Sergei “Duke” Kitchuck, owner of Bimm Enterprises, had parked his truck on a slight incline in the parking lot near the fairgrounds’ front office, according to a report written by California Highway Patrol Officer Brad Wheat. Kitchuck then went to park a pickup truck nearby and the refrigeration truck, a 1980 International, began to slowly roll down the incline, the report continued. Witnesses alerted Kitchuck that the truck was rolling and he began to run around the front of it to get into the cab to stop the truck, but he stumbled and fell to the ground directly in the path of the rolling truck. The truck’s front tires ran completely over Kitchuck and the back wheels came to rest against him, which prevented the truck from continuing to roll down the hill, according to CHP Officer Rebecca Myers.

June 3

Spellman’s charges debunked

In an email with the subject line “political corruption leak,” Calaveras County Supervisor Darren Spellman took an issue he said he had been “dropping hints” about since taking office to the media.

In the email, he accused Carol Ann McDaniel, former Supervisor Russ Thomas’ nominee for the Assessment Appeals Board, of having a variety of conflicts of interest: As a working real estate appraiser, she should not be serving on the appeals board, he said; in what he called a “personal conflict of interest,” he cited a delinquent property tax bill and “possible fraud” in her property assessment.

After some investigation, the Enterprise was unable to corroborate Spellman’s claims against his constituent and neighbor, and found that Spellman’s assessment was lower than what McDaniel’s would be without her husband’s disabled veteran discount.

June 13

City budget cuts

The Angels Camp City Council chipped away at its $405,000 budget deficit, this time bringing the gap down to about $308,000. Last year, the city ended up $182,675 in the red, a gap it closed by drawing down its general fund reserves.

In an hour-long workshop, the council worked with Finance Officer Melisa Ralston, poring over the numbers for the 2011-2012 fiscal year. The general fund reserves sit at $1.2 million, about $200,000 more than what was estimated last year, Ralston said. Looking at budget trends, she said that even though the numbers are grim, she thinks the city is doing the best it can, considering the down economy.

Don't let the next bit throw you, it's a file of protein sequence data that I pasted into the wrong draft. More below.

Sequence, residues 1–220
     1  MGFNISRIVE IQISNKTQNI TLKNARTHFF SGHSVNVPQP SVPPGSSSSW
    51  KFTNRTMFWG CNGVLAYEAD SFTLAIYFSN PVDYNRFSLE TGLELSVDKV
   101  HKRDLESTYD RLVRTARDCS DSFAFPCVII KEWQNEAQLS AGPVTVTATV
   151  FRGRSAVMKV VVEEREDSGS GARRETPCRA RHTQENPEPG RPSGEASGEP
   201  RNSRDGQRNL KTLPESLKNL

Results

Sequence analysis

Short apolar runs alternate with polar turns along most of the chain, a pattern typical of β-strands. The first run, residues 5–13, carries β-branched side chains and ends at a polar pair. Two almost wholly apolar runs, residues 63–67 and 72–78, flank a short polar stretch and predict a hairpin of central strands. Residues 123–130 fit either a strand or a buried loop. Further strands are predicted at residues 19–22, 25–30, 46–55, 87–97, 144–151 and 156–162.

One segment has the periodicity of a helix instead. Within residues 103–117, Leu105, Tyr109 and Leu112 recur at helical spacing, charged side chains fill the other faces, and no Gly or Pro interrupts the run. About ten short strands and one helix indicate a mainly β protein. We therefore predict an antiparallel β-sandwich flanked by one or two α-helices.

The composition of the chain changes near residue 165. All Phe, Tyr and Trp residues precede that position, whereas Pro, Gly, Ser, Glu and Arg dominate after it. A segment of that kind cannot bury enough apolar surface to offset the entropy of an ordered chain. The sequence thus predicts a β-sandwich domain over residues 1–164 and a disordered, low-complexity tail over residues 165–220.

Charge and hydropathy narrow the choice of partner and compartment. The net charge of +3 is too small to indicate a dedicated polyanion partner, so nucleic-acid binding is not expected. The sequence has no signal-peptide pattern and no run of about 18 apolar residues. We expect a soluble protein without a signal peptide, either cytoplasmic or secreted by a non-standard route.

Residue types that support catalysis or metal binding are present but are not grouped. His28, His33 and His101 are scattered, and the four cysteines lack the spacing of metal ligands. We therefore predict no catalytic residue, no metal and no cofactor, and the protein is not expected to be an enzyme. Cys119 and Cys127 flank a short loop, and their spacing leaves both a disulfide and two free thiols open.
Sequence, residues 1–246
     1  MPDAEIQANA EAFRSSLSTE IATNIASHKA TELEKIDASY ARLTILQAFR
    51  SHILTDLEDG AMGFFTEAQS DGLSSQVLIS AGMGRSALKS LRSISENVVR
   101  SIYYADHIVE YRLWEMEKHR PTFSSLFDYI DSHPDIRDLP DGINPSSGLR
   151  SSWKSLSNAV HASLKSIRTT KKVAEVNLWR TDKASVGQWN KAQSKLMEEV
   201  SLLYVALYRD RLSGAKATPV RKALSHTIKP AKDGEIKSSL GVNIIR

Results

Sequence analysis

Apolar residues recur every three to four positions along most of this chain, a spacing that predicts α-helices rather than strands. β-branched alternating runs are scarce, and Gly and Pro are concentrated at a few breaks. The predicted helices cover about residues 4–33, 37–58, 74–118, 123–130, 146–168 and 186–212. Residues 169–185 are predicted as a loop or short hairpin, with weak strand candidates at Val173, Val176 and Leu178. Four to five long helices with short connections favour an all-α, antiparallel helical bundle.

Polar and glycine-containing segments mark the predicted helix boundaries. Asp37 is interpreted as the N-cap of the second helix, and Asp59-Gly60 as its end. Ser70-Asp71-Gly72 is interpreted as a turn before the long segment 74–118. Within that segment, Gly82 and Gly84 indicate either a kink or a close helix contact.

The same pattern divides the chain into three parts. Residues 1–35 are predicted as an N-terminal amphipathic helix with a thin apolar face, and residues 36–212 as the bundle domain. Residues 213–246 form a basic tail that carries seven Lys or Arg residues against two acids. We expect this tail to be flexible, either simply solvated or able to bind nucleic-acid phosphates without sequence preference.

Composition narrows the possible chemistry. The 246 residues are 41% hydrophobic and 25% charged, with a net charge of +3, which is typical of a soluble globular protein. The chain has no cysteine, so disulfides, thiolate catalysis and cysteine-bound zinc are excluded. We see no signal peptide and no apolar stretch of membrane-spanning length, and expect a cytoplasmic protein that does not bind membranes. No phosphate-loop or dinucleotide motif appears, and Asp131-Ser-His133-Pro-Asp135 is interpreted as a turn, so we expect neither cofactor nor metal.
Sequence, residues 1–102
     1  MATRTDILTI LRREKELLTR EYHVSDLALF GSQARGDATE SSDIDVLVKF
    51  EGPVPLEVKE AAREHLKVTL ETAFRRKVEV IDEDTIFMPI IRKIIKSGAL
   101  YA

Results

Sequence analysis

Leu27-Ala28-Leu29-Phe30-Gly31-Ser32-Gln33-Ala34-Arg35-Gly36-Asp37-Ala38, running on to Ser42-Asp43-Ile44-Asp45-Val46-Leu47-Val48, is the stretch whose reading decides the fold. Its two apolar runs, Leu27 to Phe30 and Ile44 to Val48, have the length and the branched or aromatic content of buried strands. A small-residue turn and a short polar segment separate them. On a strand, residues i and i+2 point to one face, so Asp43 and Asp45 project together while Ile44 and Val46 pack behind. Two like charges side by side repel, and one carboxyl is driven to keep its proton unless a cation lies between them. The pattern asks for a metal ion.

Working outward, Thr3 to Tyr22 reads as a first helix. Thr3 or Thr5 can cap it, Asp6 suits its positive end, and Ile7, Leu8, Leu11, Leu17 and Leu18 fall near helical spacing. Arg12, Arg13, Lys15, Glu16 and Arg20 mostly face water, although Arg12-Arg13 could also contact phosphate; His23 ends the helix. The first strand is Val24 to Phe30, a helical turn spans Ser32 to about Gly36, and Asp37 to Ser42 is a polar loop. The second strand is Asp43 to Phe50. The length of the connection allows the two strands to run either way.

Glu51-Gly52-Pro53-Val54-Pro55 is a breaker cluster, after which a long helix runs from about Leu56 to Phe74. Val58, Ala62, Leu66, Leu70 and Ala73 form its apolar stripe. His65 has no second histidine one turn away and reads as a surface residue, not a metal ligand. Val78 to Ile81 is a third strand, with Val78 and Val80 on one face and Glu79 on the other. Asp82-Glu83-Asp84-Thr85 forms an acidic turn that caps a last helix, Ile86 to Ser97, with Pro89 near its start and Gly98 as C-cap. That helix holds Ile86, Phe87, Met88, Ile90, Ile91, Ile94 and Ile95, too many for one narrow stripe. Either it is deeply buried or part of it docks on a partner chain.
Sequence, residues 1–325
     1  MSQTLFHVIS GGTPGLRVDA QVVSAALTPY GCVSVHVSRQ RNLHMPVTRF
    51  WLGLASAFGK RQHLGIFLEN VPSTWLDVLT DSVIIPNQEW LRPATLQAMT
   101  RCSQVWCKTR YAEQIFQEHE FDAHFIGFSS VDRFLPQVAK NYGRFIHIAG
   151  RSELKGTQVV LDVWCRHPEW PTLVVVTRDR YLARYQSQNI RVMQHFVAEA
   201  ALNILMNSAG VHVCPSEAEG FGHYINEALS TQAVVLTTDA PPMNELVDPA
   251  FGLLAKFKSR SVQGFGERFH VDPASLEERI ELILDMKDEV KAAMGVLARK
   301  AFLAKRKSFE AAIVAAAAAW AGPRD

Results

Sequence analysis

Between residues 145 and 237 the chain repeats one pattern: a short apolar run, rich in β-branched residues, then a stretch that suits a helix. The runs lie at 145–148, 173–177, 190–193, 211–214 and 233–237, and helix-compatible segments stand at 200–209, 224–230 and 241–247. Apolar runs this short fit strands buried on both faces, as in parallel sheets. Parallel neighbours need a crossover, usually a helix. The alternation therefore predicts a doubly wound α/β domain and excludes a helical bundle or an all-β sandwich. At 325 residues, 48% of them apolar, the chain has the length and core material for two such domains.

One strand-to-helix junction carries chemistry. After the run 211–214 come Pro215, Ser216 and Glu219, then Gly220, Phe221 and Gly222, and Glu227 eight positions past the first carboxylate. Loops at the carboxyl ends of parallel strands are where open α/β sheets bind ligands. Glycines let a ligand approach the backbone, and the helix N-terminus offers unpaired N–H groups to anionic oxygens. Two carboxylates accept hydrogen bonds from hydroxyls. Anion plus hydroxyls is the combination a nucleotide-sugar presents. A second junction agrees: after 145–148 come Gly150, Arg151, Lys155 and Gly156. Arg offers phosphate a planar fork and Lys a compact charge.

“I think we’re handling the economy problems. … I think the city is still doing a really good job in our operations. The staff has been really good in controlling our expenses.”

June 14

Body found in SA

The body of a San Andreas man was found dead in San Andreas lying behind the See’s Candy stand in the Treat’s General Store parking lot.

Sgt. Dave Seawell of the Calaveras County Sheriff’s Office said the man has been identified as being in his 40s, but could say nothing further until family had been notified.

Calaveras County Coroner Kevin Raggio said he could not release the man’s name until he was able to contact next of kin.

“No signs of foul play,” Seawell added, “but we’re going to continue to investigate. We believe he had been deceased for a day or two.”

June 17

Armed man arrested in Mtn. Ranch

A Mountain Ranch man skilled in martial arts was arrested July 12, after allegedly threatening to kill his mother while holding a sword, slashing a tire on a Calaveras County Sheriff’s Office patrol car and threating to bomb law enforcement officers.

Aaron Gray, 34, is suspected of vandalism, resisting a peace officer, assault on a peace officer and possessing throwing knives.

Calaveras County Sheriff’s Sgt. Tracy Busby said that with limited staffing, this turned into a dangerous situation for law enforcement.

“I tell you as a supervisor, I did not enjoy this call,” Busby said.

June 21

Financial problems shutter agency

Financial trouble without a clear solution caused Central Sierra Planning Council members to approve an exit strategy Wednesday that will result in the dissolution of the agency at the end of June.

The CSPC, part of a joint powers authority, is directed by Larry Busby and oversees planning and implementation assistance for member counties and cities for Section 8, low-income and subsidized housing. It also administers funds for administration of community development block grants, job training, county housing programs, rental assistance programs and upgrades to area food banks. Its member counties are Amador, Alpine, Calaveras and Tuolumne, with representatives from Angels Camp and six other cities.

“It is closing its doors because there is no money to run the agency,” said Calaveras Supervisor Merita Callaway. “The doors close at the end of June. Larry Busby put together a comprehensive exit strategy.”